Wednesday, the Office of the State Engineer formally received the Carlsbad Irrigation District’s demand for a priority call on the Pecos River.
Since the district’s decision to pursue a priority call locally, some have expressed skepticism regarding how the district measures its [auth] water.
CID manager Dudley Jones explained Thursday it is a surface water district and diverts water from the Pecos River into a main irrigation canal.
That water is then delivered to a farmer’s lateral by diversion, and a chart is used to measure how much water is flowing and for how long, to ensure that they receive only the allotted amount.
In 2011, surface water and water from augmentation wells yielded the district 1.4 acre-feet of water per acre of land. In 2012, the district received .9 acre-feet and has received .3 acre-feet per acre this year to ration among users.
Unlike groundwater districts, the measurements are done manually, Jones said, as cubic feet per second. The CID also assigns every farmer a serial number, which is tracked daily by water master to see how much water is used.
“In our system, we know where the water is going so that no one gets more water than they’re entitled to,” Jones said.
According to the Office of the State Engineer, water masters administer the distribution of water from stream systems and work to ensure that water is distributed fairly.
Augmentation wells also are metered by the state, Jones said, just as they are in the Pecos Valley Artesian Conservancy District.
The district also is obligated by state and federal agencies to account for water, he said, and “can’t do anything with water other than store it and release it.”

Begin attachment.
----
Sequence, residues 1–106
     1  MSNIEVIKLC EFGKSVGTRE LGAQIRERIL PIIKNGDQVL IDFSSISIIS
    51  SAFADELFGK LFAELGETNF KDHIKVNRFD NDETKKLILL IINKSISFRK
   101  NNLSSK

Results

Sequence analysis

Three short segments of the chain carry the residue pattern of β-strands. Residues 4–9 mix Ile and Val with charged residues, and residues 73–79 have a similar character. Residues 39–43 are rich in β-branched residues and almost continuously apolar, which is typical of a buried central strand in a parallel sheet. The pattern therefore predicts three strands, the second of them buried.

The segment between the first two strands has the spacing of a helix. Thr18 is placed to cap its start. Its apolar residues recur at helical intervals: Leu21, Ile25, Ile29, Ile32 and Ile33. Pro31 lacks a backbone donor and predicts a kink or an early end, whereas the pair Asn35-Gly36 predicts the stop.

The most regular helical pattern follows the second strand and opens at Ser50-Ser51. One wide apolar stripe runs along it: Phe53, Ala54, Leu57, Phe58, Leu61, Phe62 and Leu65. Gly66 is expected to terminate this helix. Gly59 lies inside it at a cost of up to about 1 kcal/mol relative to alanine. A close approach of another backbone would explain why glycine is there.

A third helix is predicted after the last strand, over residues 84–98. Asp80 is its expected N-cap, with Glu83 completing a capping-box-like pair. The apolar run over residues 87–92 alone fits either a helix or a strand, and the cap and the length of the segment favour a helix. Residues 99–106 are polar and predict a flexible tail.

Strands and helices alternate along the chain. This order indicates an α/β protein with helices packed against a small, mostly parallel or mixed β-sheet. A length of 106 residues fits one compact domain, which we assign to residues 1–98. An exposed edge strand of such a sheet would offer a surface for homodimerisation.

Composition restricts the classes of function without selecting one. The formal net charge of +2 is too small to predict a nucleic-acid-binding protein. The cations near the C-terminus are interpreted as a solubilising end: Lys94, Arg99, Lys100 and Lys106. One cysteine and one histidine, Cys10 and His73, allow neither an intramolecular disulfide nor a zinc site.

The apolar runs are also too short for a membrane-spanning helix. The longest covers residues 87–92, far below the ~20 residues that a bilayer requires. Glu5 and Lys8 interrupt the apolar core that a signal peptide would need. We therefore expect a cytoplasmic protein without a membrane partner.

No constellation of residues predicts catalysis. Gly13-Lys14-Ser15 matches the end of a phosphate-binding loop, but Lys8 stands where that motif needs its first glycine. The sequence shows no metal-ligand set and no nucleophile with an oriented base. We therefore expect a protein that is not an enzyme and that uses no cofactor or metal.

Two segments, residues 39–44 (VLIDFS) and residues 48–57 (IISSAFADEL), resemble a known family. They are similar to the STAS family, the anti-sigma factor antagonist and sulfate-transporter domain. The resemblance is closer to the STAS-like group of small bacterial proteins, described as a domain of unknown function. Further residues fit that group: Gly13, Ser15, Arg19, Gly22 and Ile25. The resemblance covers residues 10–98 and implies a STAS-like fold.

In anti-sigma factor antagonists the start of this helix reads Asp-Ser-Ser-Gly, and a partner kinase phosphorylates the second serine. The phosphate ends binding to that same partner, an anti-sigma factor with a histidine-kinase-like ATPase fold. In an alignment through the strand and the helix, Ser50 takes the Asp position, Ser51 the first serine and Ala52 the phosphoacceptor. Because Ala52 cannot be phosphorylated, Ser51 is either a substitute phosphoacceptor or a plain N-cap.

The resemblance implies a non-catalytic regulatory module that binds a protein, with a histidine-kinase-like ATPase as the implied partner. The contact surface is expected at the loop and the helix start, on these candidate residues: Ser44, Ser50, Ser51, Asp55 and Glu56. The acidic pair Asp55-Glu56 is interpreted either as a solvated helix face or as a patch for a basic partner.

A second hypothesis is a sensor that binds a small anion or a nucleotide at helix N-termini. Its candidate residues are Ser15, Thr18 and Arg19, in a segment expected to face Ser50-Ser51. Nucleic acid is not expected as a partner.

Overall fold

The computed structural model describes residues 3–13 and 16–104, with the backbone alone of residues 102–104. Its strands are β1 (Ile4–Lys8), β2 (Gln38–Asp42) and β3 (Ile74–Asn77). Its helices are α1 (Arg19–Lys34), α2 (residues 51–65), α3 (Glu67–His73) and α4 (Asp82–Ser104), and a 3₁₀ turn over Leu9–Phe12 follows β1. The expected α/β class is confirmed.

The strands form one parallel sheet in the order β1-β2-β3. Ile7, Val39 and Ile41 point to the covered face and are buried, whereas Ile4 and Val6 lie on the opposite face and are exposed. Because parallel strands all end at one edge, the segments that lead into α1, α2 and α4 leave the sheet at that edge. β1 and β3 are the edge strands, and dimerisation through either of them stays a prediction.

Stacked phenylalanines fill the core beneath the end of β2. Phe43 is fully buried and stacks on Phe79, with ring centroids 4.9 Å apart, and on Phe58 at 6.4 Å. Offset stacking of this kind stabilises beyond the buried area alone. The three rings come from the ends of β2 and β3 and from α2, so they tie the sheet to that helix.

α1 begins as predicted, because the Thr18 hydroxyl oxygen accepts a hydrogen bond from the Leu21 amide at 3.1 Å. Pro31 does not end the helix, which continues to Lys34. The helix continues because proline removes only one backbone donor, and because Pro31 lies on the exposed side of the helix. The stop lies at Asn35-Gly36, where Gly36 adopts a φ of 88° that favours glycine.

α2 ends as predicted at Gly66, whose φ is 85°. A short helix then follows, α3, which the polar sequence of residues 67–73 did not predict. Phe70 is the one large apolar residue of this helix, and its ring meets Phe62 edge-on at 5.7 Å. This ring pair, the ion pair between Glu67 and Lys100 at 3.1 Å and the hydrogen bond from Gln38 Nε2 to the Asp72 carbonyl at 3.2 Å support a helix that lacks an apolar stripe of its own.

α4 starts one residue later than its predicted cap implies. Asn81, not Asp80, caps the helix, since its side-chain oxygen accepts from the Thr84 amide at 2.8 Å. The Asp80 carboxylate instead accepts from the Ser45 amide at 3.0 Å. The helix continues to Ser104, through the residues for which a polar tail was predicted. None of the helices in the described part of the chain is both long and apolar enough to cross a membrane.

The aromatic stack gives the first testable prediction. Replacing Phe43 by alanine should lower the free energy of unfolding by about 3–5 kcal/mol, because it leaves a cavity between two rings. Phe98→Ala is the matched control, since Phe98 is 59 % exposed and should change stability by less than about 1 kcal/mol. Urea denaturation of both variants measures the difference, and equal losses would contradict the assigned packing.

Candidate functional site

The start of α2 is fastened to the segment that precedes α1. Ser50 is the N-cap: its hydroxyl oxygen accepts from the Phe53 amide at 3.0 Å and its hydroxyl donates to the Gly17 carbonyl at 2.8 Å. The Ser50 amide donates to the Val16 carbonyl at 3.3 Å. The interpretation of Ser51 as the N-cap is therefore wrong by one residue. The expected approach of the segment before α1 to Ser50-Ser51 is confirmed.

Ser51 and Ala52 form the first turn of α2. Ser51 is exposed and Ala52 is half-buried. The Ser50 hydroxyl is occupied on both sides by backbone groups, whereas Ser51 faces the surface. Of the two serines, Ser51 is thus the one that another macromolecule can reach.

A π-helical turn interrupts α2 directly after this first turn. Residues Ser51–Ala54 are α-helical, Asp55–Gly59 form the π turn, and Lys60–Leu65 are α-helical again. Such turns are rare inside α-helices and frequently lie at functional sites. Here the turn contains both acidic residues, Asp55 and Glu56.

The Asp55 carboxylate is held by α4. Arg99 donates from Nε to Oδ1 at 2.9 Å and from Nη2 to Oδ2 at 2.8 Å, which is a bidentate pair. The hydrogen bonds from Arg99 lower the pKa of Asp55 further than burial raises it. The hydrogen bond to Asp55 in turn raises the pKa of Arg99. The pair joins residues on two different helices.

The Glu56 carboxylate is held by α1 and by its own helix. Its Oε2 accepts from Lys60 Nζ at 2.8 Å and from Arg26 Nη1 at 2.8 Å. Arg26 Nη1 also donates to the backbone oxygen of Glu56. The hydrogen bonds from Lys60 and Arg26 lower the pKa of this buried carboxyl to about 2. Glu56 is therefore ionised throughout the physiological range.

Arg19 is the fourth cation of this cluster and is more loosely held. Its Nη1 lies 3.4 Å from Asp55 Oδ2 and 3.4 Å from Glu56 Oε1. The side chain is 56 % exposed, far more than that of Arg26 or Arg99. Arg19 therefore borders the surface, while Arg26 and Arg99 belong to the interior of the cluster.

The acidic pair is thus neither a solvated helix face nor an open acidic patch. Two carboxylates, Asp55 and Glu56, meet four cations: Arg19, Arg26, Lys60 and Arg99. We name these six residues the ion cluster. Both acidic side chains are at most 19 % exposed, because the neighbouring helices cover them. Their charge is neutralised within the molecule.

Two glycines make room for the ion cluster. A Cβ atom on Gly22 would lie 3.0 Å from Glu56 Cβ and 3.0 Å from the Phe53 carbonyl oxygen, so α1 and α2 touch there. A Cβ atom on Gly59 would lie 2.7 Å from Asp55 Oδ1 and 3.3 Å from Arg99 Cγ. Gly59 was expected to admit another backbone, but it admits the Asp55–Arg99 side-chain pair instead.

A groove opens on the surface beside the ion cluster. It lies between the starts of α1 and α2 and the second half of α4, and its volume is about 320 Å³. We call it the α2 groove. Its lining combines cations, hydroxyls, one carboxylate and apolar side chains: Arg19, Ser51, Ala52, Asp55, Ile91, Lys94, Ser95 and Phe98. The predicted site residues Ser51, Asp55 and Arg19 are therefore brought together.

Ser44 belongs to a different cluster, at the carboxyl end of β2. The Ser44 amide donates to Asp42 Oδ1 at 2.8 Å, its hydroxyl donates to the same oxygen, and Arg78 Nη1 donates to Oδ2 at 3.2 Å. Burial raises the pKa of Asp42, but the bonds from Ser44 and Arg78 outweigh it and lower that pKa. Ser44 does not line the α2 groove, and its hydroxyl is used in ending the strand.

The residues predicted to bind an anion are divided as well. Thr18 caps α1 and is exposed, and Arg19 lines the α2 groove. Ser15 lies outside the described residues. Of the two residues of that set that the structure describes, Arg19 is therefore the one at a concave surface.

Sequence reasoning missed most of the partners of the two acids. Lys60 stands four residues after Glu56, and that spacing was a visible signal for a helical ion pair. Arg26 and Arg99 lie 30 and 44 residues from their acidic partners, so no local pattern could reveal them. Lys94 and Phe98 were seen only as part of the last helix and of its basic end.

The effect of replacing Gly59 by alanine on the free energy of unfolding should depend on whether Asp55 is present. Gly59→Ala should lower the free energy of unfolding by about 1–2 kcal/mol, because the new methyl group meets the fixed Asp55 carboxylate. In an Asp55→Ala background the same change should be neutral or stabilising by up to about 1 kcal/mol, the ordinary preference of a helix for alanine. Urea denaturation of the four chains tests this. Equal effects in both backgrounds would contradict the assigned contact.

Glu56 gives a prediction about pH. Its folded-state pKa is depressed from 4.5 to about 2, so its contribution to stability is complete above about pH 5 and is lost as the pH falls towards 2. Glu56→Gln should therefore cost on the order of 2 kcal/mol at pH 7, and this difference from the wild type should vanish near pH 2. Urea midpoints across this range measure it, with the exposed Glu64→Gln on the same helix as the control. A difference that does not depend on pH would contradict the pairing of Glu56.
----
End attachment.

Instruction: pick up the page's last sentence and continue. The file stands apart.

Information about lake levels is available on the U.S. Geological Survey’s website.
“It’s all very transparent,” he said.
A spokesman for the Office of the State Engineer said 100 percent of the CID is metered and water masters read the meters quarterly. Water rights owners of the CID must also submit meter readings to the office.
There are rumors among downstream users about upstream users, Jones said, such as those accusing them of “pumping all the time.” However, Jones said he and others know that is “not entirely accurate.”
“We don’t have an issue with the PVACD,” he said. “Our issue is with the Interstate Stream Commission and the state engineer and their inability to deliver water.”
PVACD Superintendent Aron Balok said while he is aware of rumors, the CID measures its surface water quite well. If a legal battle should ensue due to an issue caused by the priority call, he said the CID’s ability to verify how much supplemental wells are pumping and how the process is overseen would play a big part.
“I wouldn’t expect any surprises,” he said.